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Op Ed: The Bear Hunt Is Needed


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The following was published in the December 7, 2003 Daily Record of Morris County. Clipping of the actual article

After a season of bear attacks so frequent and frightening that the need to thin the bear population became obvious even to politicians usually opposed to hunting, we are now instructed by a group trying to stop the hunt that “bears are the dolphins of the woodlands.”

Apparently the bears don’t know this yet, because they’ve been acting more like sharks lately.

“You have a greater chance of winning the lottery than being killed by a black bear, and you are 374 times more likely to be killed by lightning,” reassuringly pronounces the group’s anti-bear hunt website ( “Their timid nature gives serenity to the highlands.”

Try telling that to the parents of Ester Schwimmer, the 5-month old infant who was yanked head first from her stroller and horribly mauled to death by a “dolphin of the woodlands” trying to feed just a few miles north of New Jersey in August, 2002 in Fallsburg, N.Y.

Try telling it to the hospitalized victims of this year’s record number of widely publicized New Jersey bear attacks. “Congratulations. You’ve won the lottery.”

To the Bear Education and Resource Group (BEAR), little Ester’s tragic death is not a wake-up call, but rather another example of why a bear hunt isn’t needed at all. Ever. Anywhere. Since the killing “took place in [a state] that permits bear hunting,” declares the group’s website triumphantly, it “undermines the argument that a bear hunt would prevent such tragedies.”

That’s like saying that because vaccinations don’t stop every disease outbreak, we shouldn’t bother vaccinating anyone. That’s ludicrous.

Outraged by the scheduling of a limited hunt as a public safety measure, extremist groups like BEAR and New Jersey Animal Rights Alliance (NJARA) are working frantically to stop the hunt at all costs. Apparently, they will do or say anything to perpetuate the myths that black bear are universally docile, that state wildlife officials invent statistics to justify trophy hunting, that there is no bear overpopulation problem, and that trash management is an effective solution.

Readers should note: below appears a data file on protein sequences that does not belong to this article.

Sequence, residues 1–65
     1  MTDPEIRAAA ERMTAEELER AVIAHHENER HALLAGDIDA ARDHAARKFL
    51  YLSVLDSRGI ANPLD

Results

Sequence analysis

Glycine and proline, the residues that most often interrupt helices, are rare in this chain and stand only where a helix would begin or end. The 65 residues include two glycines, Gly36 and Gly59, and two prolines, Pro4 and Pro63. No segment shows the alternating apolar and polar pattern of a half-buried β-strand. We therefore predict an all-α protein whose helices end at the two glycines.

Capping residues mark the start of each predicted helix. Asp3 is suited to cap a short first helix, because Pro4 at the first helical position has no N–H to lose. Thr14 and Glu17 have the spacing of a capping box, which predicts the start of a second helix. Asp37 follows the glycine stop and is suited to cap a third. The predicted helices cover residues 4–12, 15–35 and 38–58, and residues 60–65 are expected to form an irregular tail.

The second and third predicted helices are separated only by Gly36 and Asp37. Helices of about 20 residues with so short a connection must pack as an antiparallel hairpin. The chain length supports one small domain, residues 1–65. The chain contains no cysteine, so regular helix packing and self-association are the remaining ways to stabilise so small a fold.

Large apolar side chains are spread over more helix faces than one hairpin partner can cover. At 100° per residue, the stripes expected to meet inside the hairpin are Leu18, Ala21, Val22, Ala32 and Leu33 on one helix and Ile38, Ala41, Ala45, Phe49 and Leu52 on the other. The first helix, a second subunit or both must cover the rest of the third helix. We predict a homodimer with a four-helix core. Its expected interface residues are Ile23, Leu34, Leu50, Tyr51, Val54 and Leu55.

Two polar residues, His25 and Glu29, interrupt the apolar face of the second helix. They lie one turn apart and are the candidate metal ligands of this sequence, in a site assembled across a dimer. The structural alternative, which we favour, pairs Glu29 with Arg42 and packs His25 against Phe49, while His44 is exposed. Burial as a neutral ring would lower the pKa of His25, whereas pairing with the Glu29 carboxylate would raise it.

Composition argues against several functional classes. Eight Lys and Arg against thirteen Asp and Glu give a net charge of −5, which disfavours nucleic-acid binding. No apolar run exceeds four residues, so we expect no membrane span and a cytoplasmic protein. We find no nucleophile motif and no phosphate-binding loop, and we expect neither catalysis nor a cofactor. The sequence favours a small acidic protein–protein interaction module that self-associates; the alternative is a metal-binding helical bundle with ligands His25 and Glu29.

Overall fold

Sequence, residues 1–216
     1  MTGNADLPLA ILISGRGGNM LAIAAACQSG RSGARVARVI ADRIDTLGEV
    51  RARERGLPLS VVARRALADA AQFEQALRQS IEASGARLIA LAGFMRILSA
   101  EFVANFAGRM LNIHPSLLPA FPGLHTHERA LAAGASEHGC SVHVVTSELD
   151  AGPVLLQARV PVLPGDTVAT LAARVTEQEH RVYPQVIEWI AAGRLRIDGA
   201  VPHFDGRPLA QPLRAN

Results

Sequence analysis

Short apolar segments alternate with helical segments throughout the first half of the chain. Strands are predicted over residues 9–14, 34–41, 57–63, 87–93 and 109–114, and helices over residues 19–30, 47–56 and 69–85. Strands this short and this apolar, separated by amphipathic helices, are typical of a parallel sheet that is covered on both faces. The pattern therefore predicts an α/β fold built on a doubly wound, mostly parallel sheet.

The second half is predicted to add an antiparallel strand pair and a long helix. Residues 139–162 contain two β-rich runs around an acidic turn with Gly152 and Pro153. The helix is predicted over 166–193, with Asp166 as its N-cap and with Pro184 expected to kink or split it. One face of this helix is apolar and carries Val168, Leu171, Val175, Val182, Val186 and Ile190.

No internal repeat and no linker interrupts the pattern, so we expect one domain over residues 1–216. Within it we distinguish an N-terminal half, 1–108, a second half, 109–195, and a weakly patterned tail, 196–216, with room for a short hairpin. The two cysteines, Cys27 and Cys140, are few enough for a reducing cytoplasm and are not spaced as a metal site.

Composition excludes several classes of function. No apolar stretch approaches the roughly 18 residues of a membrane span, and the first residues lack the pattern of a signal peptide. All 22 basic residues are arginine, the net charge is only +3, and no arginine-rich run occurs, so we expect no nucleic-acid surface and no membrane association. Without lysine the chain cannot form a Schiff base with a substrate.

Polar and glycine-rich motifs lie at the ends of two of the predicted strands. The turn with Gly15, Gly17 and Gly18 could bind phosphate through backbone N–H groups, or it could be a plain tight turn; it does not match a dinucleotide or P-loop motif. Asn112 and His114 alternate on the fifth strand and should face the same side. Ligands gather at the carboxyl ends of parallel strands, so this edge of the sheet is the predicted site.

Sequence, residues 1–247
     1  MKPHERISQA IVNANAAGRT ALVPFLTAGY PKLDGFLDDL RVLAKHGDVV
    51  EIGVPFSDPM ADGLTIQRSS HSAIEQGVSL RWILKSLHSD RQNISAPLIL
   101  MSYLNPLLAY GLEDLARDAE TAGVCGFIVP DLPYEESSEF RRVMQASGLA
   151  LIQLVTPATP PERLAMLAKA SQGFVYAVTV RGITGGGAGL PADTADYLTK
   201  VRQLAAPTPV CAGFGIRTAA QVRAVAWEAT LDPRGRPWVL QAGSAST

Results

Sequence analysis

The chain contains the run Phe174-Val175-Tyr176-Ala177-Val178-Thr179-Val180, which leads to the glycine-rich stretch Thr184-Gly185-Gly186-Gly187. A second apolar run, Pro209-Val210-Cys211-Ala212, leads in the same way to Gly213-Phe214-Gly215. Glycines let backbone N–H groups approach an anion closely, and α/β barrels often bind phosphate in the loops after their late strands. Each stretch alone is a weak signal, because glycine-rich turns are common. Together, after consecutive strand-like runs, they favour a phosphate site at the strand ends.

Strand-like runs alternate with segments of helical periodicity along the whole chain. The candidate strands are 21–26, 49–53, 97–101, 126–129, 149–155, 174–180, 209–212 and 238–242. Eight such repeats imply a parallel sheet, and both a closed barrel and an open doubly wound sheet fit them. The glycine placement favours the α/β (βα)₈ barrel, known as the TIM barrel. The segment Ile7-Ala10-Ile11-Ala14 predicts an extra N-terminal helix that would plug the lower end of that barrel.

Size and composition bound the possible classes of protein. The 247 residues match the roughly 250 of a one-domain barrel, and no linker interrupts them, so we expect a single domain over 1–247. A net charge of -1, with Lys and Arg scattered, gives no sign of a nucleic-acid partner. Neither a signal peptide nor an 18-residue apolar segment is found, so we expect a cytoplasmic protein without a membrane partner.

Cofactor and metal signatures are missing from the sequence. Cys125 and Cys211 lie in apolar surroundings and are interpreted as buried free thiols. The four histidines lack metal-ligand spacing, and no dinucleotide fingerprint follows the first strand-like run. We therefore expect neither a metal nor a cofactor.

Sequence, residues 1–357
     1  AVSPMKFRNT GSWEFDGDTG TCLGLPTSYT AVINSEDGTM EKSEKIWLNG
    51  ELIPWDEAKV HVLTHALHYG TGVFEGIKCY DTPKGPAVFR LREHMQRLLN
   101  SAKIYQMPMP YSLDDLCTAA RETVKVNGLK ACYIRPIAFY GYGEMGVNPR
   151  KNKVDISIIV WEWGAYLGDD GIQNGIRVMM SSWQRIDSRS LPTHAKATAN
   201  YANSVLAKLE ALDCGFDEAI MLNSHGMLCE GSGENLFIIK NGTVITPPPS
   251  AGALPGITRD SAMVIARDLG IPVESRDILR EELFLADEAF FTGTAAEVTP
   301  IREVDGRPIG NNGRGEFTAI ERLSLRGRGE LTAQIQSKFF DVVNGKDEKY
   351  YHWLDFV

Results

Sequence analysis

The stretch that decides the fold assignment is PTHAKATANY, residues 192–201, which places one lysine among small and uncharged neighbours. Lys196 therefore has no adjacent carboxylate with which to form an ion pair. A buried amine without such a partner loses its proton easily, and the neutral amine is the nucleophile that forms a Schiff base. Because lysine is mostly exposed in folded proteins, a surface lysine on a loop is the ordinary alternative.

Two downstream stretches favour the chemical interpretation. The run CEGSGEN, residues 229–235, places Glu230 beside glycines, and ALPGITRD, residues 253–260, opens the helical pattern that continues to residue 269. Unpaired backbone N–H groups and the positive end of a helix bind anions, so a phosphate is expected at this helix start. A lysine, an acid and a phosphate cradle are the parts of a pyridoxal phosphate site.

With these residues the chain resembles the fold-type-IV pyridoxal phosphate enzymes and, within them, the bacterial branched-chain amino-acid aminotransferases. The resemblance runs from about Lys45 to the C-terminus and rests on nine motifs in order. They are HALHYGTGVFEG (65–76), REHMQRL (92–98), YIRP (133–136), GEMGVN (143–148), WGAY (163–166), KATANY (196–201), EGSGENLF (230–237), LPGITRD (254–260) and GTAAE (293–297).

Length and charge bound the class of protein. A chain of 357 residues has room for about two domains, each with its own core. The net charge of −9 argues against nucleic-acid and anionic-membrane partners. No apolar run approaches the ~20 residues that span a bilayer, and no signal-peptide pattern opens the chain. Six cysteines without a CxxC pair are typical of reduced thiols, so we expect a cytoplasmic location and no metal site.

In the months since the hunt was scheduled in response to a dramatic rise in the number of unprovoked bear attacks, BEAR and NJARA have mounted a relentless campaign to pressure Governor McGreevey to intercede. Governor McGreevey opposes the hunt in principle but acknowledges the serious public safety concerns raised by the attacks and accordingly has not asked wildlife officials to cancel the hunt as did Governor Whitman in 2000.

The campaign, which includes repetitive phone calling and letter-writing to the Governor, could be characterized as one of harassment. “Do it again…do it daily,” advocates the NJARA website ( in response to the comment “But I already wrote to McGreevey.” Other NJARA tactics include sending the Governor stuffed toy bears, children’s drawings, and photos of family members holding anti-bear hunt signs.

But not all anti-hunt activism is so innocent. Recently, State Fish & Wildlife vehicles have been vandalized while afield, and official property stolen or tampered with. While no one knows who is responsible for these acts of sabotage, it is noteworthy that NJARA’s website features a link to “civil disobedience” training material offering advice to “anyone or any group considering acts of property alteration.”

What groups like BEAR and NJARA never do is squarely admit what is obvious to anyone who reads the papers: that New Jersey bears are attacking humans with increasing frequency and violence, and the attacks need to be stopped. It’s not just a problem here, but part of a general trend noted by recognized experts like Professor Stephen Herrero of the University of Calgary, Canada.

According to Herrero, two-thirds of all fatal black bear attacks occurring during the last 100 years happened within approximately the past 30 years, and people were treated as prey in 90 percent of those attacks. In a black bear attack lawsuit brought by a teen girl disfigured for life, Herrero was called as an expert and admitted the incorrectness of his prior conclusion, published in a 1985 book, that black bear are essentially benevolent. “I have learned since the publication of the book that there is more involvement in serious injuries by black bears than I knew of at the time that I wrote the book,” stated Herrero under oath.

By pretending that this trend doesn’t exist or represent a public safety threat, and by posing phantom solutions, groups like BEAR and NJARA reveal a militant obsession with wildlife, and a willingness to tolerate human injury and death rather than harm a single bear.

While there may be a place in society for this kind of view, the policy-making arena is not one of them. Our love for even dangerous wild animals should not blind us to the need to deal with them when they pose a genuine threat to life and limb. People come first.

—Scott L. Bach